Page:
Tuesday, February 07, 2006

Actually, “bling handler” sounds kind of dirty


Something seems a bit suspicious about the fact that in the Cartoon Wars, 5 Afghans were killed by Afghan police trying to storm Bagram Air Base. Since when does the American military entrust its security to Afghans?

Job title of the day: “bling handler” for a rapper. And that guy just got killed, so the job is available.

The deputy editor of the Taizhou Evening News dies following a police beating.

Gonzales said that the only reason they’re not wiretapping calls both ends of which are in the US is that public reaction might be negative. In other words, they probably think it’s one more thing they have the “inherent authority” to do (the list grows with each episode of “24”: every time Jack Bauer threatens to gouge someone’s eye out or whatever, Gonzales “discovers” something else they have the inherent authority to do), but it’s politically expedient not to, at least for the present.

Reminds me: I would have quoted Russ Feingold yesterday, but I thought everyone else would, and they haven’t. In response to that nonsense about D’s having a “pre-9/11 mindset,” he said that Bush is demonstrating a pre-1776 mindset.

Poland is down to fewer than 200 legal abortions a year, and often it’s the doctors themselves doing the refusing. A woman who was told by 3 eye doctors that a pregnancy could result in blindness was refused an abortion by all 3 of those doctors and a gynecologist; she gave birth, is now close to blind, and is taking her case to the European Court of Human Rights.

The language about Iran has been quietly ramping up, not perhaps helped by the announcement by Iran’s largest newspaper that it will run cartoons making fun of the Holocaust. In fact, it will have a contest to find the best one. What would an appropriate prize be for that? In addition to the Security Council referral over its nuclear program, I’ve heard government statements in the last week claiming Iran is the biggest state sponsor of terrorism and that the increasing sophistication of IED’s in Iraq is down to Iranian assistance.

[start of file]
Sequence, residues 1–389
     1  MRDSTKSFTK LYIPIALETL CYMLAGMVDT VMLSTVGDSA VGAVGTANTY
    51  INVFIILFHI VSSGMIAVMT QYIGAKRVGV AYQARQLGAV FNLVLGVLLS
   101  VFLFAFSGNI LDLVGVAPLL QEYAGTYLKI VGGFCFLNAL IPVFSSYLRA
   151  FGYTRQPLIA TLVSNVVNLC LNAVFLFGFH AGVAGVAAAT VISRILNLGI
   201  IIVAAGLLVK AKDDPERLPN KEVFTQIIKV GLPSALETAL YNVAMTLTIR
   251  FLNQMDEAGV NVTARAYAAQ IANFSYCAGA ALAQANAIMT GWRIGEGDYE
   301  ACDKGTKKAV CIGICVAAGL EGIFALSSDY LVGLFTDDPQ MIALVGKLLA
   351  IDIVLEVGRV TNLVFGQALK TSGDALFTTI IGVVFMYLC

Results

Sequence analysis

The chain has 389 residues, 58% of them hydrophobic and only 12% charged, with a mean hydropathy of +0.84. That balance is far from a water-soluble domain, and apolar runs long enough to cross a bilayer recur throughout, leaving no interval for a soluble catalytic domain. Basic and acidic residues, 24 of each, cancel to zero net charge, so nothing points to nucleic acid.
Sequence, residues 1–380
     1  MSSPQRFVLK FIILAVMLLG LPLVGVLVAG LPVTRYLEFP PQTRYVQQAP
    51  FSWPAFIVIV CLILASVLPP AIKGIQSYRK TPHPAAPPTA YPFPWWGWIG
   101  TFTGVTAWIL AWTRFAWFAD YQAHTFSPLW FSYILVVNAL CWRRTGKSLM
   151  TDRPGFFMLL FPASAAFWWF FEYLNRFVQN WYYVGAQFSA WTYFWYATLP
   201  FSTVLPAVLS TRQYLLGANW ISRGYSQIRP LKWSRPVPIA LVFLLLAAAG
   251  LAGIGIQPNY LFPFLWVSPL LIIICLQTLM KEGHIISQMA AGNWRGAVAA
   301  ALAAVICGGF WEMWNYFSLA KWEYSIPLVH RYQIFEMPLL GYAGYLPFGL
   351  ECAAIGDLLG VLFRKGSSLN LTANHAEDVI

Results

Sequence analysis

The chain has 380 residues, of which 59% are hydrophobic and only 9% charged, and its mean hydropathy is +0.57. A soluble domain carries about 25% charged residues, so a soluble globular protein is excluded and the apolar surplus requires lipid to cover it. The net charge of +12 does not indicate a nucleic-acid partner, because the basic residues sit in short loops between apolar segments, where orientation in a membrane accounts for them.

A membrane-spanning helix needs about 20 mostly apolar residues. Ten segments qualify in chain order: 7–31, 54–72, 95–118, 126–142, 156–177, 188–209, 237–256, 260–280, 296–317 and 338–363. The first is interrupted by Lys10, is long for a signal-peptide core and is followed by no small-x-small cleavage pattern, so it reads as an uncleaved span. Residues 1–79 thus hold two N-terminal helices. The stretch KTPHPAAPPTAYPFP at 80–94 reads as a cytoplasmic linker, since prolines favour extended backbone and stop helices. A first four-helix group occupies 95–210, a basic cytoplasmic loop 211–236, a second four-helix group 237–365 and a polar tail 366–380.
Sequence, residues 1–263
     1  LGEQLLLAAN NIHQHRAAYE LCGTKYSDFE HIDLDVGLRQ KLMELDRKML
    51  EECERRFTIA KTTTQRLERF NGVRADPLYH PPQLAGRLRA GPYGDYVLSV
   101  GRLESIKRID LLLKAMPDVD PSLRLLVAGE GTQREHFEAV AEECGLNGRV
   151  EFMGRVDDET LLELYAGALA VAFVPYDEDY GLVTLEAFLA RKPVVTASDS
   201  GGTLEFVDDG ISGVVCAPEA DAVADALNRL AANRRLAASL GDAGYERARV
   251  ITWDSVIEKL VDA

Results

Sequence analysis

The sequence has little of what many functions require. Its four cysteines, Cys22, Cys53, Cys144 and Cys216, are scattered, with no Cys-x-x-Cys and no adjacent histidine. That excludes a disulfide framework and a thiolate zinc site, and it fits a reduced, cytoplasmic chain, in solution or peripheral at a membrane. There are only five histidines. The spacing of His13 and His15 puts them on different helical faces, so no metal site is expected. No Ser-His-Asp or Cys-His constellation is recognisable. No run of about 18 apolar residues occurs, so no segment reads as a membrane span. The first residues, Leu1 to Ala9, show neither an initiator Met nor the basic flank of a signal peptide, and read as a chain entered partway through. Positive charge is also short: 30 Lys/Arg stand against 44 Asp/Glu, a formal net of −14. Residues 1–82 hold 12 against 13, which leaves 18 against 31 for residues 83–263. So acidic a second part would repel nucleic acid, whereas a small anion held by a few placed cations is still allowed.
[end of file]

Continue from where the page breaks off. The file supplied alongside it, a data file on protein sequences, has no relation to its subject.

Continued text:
Which reminds me that I’ve been meaning to do a brief book report slash recommendation of a book I finished last week, Norman Solomon’s War Made Easy: How Presidents and Pundits Keep Spinning Us to Death. The book’s an essay about the myths, lies, memes used to sell America’s wars, using the wars of the last 40 years to illuminate the current Iraq war. It’s very much a journalist’s book, relying mostly on old newspaper and magazine articles rather than archives and memoirs. This means he doesn’t really delve into whether Lyndon Johnson, Reagan, Rumsfeld, Bush etc actually believe what they’re saying, but that would be a different book. This book is divided into 17 chapters, each of which focuses on one of these myths, such as: This Guy is a Modern-Day Hitler, They Are the Aggressors, Not Us, The Pentagon Fights Wars as Humanely as Possible, Withdrawal Would Cripple U.S. Credibility, What the US Government Needs Most is Better PR, etc (the table of contents is on the Amazon site). He demonstrates that the same themes are recycled over and over; this book is intended to be the antidote to the American amnesia that allows successive administrations to get away with that. The structure of the book really works: I knew most of this stuff, but the thematic chapters arrange the information in a way that is genuinely enlightening. Since his concerns overlap so well with my own, I would venture that anyone who likes my blog would like this book. And if you use the link at the top of this paragraph, Amazon will kick back 89¢ to me (or check your public library, like I did). Solomon’s previous book, Target Iraq: What the News Media Didn’t Tell You, is available as a free download on his website. I haven’t read it yet, but I will. Oh, and no small thing: the man can write.

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